Each semester I’m a little bit irked by the cavalier attitude with which many faculty approach this graduation exercise. Now, I do understand that for many faculty this is an annual exercise to be experienced an average of 30 or so times during the course of one’s career. The exercise is always the same, so we (and I do include myself here) try to find ways to have fun with it, and it’s not a bad thing. It’s a celebration, after all, not a funeral. We should be having fun, celebrating the end of another academic year and the success of so many students. But on the other hand, I see that we faculty sometimes forget ourselves as we engage in a bit too much side chatter, laughing, and even–yes–texting (this is something I don’t do) during the actual ceremony. These kinds of things bug me. It shows a lack of interest and I find it disrespectful to the students. But in the end, I guess I can live with it, and honestly I don’t think the behavior is that noticeable. I really don’t mean to sound like a big ol’ fuddy-duddy here. I can appreciate a game of shoe bingo during graduation as much as the next prof. I really can, but last night’s graduation was different. The irksome behavior was taken to a new level, and it’s not the faculty that really got to me; it was the students and members of the “platform party”–the bigwigs sitting on the stage.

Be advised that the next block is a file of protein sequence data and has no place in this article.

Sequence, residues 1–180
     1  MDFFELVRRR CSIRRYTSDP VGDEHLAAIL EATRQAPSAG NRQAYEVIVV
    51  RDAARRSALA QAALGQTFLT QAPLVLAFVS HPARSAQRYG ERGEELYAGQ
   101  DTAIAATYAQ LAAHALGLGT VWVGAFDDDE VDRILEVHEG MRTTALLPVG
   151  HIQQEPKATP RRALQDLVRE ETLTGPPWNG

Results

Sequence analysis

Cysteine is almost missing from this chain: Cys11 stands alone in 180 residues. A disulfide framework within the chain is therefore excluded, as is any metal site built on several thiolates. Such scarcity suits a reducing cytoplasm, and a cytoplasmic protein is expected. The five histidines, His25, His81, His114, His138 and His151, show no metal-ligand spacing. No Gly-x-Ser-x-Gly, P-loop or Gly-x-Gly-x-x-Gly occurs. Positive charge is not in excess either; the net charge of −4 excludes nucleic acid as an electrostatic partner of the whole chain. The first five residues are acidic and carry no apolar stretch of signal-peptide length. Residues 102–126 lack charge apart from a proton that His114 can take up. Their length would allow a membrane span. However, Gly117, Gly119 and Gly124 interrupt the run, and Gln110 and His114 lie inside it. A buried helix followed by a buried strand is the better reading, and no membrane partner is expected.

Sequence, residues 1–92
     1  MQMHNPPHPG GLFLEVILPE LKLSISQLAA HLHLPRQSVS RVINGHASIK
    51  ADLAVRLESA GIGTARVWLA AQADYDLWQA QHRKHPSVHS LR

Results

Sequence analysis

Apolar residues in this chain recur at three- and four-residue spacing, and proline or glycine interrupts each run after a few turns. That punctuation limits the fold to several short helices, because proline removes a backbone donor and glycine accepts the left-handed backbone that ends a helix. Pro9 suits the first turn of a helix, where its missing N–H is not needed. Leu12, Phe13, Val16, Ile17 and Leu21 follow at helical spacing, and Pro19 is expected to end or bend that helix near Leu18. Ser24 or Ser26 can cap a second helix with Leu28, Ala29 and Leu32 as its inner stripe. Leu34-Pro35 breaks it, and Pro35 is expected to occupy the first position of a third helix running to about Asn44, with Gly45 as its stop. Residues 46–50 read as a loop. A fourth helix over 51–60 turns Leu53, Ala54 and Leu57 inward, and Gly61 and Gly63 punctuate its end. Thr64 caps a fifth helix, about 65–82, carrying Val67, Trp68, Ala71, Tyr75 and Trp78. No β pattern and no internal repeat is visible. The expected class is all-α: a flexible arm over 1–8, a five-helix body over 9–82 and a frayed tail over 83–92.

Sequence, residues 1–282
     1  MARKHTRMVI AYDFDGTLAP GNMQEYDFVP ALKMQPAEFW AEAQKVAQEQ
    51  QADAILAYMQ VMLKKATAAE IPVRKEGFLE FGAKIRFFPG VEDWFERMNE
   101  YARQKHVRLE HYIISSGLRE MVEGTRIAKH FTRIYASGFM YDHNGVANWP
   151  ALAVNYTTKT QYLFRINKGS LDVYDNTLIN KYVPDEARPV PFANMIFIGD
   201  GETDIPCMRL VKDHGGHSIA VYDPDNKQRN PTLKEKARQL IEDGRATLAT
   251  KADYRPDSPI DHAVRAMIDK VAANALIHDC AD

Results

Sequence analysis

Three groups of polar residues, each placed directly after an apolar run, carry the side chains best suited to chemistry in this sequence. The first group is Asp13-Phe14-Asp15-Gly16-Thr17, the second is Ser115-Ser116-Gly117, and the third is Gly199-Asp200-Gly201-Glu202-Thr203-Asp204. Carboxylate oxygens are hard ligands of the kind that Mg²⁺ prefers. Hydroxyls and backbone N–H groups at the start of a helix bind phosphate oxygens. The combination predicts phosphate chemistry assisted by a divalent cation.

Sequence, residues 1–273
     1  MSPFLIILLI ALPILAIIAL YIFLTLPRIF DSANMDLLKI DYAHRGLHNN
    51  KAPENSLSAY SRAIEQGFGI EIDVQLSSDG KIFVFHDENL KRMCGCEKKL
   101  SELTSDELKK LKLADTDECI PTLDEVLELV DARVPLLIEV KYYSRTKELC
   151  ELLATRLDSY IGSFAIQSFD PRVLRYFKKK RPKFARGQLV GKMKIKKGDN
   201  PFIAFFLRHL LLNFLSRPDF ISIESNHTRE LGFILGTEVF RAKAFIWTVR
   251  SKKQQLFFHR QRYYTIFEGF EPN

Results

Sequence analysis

The commencement speaker was Dr. Martha Kanter, Under Secretary of the US Department of Education. Her speech was fine in my estimation–perhaps not the strongest, most focused, most relevant commencement address I’ve ever heard–but it was fine, and she traveled across the country to address the graduating class. But the class was outright rude to here. Granted the crowd may have been growing impatient (as she arrived nearly an hour late due to her flight being delayed), but still, give a person some respect. All through her address the class chattered audibly almost to the point where she was competing to be heard. Then, when she uttered the phrase “in closing” the entire class began to clap and cheer before she even finished her sentence, let alone the 3 minutes or so of her speech that followed the “in closing” transition. I was embarrassed. Who were these graduates and what was this “honor” being bestowed upon them?
But, honestly, that was not the end of it. In the aftermath of this embarrassing spectacle, members of the platform party responded with their own flavor of disrespect. As students each took a turn walking across the stage to receive his or her much awaited degree, I observed a vice president nodding off in his chair and a board member attempting to not-so-discretely send text messages via his BlackBerry. I found this disheartening. Certainly students will learn from those placed before them as role models–placed front and center–as students take their turns walking past. Good-bye pomp and circumstance. It’s a brave new world, I suppose. Or maybe I’m becoming an old fart who just doesn’t get kids, administrators, and trustee members these days.